Prime Minister Boris Johnson has led tributes to one of the first British soldiers to liberate Bergen-Belsen concentration camp, saying he’s “extremely saddened” following his death, aged 97.
Ian Forsyth dedicated his later life to educating about the horrors he witnessed, speaking at schools and with charities such as the Holocaust Educational Trust and Holocaust Memorial Day Trust.
Forsyth of Hamilton in South Lanarkshire, Scotland, was a tank operator who fought his way through Germany following the D Day landings. Aged just 21, he entered the camp at which an estimated 50,000 people died, in April 1945, with the 15th/19th King’s Royal Hussars in the The Royal Armoured Corps.
Speaking about his harrowing experience, he appeared in a video with Auschwitz and Belsen survivor Renee Salt, and Prime Minister Boris Johnson, to mark Holocaust Memorial Day.
Prime Minister Boris Johnson told Jewish News: “I’m extremely saddened to hear of the death of Ian Forsyth. I was fortunate enough to speak with Ian on Holocaust Memorial Day, where he shared his incredible testimony, one that shall remain with me always.
“He was a remarkable individual to whom we owe so much for his service to our country. My thoughts and condolences are with his friends and family.”
Watch the Prime Minister’s full meeting with Renee Salt and Ian Forsyth:
Karen Pollock, chief executive of the Holocaust Educational Trust paid respects, saying: “Ian Forsyth was one of the first British soldiers to liberate the Nazi concentration camp of Bergen-Belsen. What he saw there stayed with him, and informed the rest of his life.
“Over the past decades, he made such an effort to tell the next generation about what he saw, and to reconnect with those he liberated, including meeting survivor Renee Salt BEM with the Prime Minister to mark Holocaust Memorial Day 2021. He was a kind and thoughtful man who we will remember fondly. Our thoughts and prayers are with his family and friends.”
He told the Prime Minister of his experience earlier in the year, as he was awarded the Points of Light Award.
“We didn’t even know the camp was there”, the Scot said. “My tank happened to be the lead tank on that particular day. But no one told us what to expect.”
As he fought back tears, he apologised to the Prime Minister while relaying his experiences, saying: “I get very emotional when I talk about this”.
He said: “I have been back quite a few times, it draws me like a magnet.”
To mark the 75th anniversary of the camp’s liberation in 2020, he told the BBC it made him think “for the first time.. just how low mankind can sink”.
Thank you for helping to make Jewish News the leading source of news and opinion for the UK Jewish community. Today we're asking for your invaluable help to continue putting our community first in everything we do.
Unlike other Jewish media, we do not charge for content. That won’t change. Because we are free, we rely on advertising to cover our costs. This vital lifeline, which has dropped in recent years, has fallen further due to coronavirus.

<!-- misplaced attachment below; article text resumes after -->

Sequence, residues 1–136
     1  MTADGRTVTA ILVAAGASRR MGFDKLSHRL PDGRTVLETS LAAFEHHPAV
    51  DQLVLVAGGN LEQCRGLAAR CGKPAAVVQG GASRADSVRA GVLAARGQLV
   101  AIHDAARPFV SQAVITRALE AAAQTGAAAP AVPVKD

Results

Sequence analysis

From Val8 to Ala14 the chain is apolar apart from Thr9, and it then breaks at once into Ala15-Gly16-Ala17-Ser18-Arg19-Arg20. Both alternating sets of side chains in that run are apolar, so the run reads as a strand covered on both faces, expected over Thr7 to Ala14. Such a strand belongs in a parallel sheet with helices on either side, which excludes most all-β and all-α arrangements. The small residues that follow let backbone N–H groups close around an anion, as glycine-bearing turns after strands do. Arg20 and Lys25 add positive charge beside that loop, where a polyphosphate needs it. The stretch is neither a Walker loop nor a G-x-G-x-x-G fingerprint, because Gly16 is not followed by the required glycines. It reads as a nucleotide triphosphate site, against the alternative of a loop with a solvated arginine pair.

For as little as £5 a month you can help sustain the vital work we do in celebrating and standing up for Jewish life in Britain.
Jewish News holds our community together and keeps us connected. Like a synagogue, it’s where people turn to feel part of something bigger. It also proudly shows the rest of Britain the vibrancy and rich culture of modern Jewish life.
You can make a quick and easy one-off or monthly contribution of £5, £10, £20 or any other sum you’re comfortable with.
100% of your donation will help us continue celebrating our community, in all its dynamic diversity...
Being a community platform means so much more than producing a newspaper and website. One of our proudest roles is media partnering with our invaluable charities to amplify the outstanding work they do to help us all.
There’s no shortage of oys in the world but Jewish News takes every opportunity to celebrate the joys too, through projects like Night of Heroes, 40 Under 40 and other compelling countdowns that make the community kvell with pride.
In the first collaboration between media outlets from different faiths, Jewish News worked with British Muslim TV and Church Times to produce a list of young activists leading the way on interfaith understanding.
Royal Mail issued a stamp honouring Holocaust hero Sir Nicholas Winton after a Jewish News campaign attracted more than 100,000 backers. Jewish Newsalso produces special editions of the paper highlighting pressing issues including mental health and Holocaust remembrance.
In an age when news is readily accessible, Jewish News provides high-quality content free online and offline, removing any financial barriers to connecting people.
Voice of our community to wider society
The Jewish News team regularly appears on TV, radio and on the pages of the national press to comment on stories about the Jewish community. Easy access to the paper on the streets of London also means Jewish News provides an invaluable window into the community for the country at large.
We hope you agree all this is worth preserving.